Economic pundits always seem to argue that this premise doesn't apply to "their" chosen endeavor. They do so with the same sort of zealotry that a Priest will argue that God is omnipotent and exempt from the same physical laws. The problem is that both are bald assertions bereft of proof.
In the case of the spiritual world proof is not required; you either believe in it or you don't, and that's that. Indeed, the very premise of religion rests on that which you cannot prove; by definition belief in a "higher power" must reach beyond human comprehension.
But no such claim is acceptable in the fields of physics, chemistry or economics. Economists continue to try to claim that compound functions (that is, exponential relationships) will not inevitably run away from one another, yet arithmetic, which is grounded in relationships that are constant says this is impossible, just as thermodynamics says you cannot obtain over-unity energy from any process.
The cheerleaders are out screaming that one should "buy buy buy" -- but they have something to sell you. Their interest is obvious; they cannot turn their paper profit into realized gain unless someone believes that the price will be higher tomorrow so they can sell.
The obvious conflict of interest is also ignored -- why would you sell if you think the price will be higher tomorrow? Yet this is the premise all of these people wish you to believe -- that they are willing to sell to you foregoing a certain gain, which they are giving to you instead of keeping it for themselves.
That's as logical as believing that the world is flat.
Where We Are, Where We're Heading (2013) - The annual 2013 Ticker
The content on this site is provided without any warranty, express or implied. All opinions expressed on this site are those of the author and may contain errors or omissions.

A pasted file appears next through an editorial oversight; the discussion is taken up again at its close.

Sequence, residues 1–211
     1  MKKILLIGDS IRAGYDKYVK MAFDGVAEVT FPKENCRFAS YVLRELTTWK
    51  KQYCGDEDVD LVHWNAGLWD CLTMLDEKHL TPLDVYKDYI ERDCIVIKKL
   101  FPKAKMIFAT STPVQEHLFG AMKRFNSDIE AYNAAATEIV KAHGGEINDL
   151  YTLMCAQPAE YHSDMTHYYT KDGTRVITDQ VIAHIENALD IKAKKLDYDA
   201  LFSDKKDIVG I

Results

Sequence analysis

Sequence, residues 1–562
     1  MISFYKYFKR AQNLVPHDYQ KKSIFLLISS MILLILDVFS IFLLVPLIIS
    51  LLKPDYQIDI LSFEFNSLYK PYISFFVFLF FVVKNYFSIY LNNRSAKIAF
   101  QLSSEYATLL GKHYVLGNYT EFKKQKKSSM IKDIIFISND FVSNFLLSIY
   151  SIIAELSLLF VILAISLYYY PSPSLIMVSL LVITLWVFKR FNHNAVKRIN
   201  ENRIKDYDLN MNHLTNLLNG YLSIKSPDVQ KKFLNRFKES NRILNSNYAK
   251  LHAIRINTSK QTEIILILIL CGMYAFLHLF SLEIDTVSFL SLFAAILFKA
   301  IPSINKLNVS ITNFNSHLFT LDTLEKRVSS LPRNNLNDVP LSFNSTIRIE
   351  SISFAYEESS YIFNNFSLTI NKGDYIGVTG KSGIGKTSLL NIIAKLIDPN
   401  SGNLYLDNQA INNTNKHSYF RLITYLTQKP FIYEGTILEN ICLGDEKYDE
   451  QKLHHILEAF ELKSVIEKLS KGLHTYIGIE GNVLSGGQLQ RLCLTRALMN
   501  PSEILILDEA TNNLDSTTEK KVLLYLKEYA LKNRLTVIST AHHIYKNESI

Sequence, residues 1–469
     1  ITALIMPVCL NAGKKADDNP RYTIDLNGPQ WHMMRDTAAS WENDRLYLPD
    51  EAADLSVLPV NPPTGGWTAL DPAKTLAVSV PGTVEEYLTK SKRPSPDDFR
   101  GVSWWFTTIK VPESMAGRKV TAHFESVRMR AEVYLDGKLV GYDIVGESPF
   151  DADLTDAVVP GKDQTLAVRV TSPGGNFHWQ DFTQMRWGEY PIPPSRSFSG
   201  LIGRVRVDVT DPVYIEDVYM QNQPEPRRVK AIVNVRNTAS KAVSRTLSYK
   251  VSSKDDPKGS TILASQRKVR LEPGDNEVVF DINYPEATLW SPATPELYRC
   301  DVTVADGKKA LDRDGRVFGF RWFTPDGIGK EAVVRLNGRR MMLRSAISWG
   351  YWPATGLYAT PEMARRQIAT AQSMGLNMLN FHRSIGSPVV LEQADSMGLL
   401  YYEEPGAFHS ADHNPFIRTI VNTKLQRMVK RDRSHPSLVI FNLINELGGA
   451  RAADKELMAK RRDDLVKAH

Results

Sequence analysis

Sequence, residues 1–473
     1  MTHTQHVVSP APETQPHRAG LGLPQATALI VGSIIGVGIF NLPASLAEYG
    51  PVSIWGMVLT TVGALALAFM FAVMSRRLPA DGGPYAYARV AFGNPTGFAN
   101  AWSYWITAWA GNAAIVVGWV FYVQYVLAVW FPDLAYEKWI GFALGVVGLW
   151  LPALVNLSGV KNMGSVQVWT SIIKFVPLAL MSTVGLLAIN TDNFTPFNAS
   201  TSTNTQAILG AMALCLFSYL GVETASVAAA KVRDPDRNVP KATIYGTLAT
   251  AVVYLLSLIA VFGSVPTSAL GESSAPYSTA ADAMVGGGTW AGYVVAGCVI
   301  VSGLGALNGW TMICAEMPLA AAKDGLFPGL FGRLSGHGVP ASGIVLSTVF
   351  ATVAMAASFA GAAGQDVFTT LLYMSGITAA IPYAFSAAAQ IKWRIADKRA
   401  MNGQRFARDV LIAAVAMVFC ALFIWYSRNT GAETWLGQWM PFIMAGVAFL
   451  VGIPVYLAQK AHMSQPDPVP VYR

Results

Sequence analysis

NO MATERIAL HERE CONSTITUTES "INVESTMENT ADVICE" NOR IS IT A RECOMMENDATION TO BUY OR SELL ANY FINANCIAL INSTRUMENT, INCLUDING BUT NOT LIMITED TO STOCKS, OPTIONS, BONDS OR FUTURES.
The author may have a position in any company or security mentioned herein. Actions you undertake as a consequence of any analysis, opinion or advertisement on this site are your sole responsibility.
Looking for "The Best of Market Ticker"? Check out Ticker Classics.
Market charts, when present, used with permission of TD Ameritrade/ThinkOrSwim Inc. Neither TD Ameritrade or ThinkOrSwim have reviewed, approved or disapproved any content herein.
The Market Ticker content may be reproduced or excerpted online for non-commercial purposes provided full attribution is given and the original article source is linked to. Please contact Karl Denninger for reprint permission in other media or for commercial use.
Submissions or tips on matters of economic or political interest may be sent "over the transom" to The Editor at any time. To be considered for publication your submission must include full and correct contact information and be related to an economic or political matter of the day. All submissions become the property of The Market Ticker.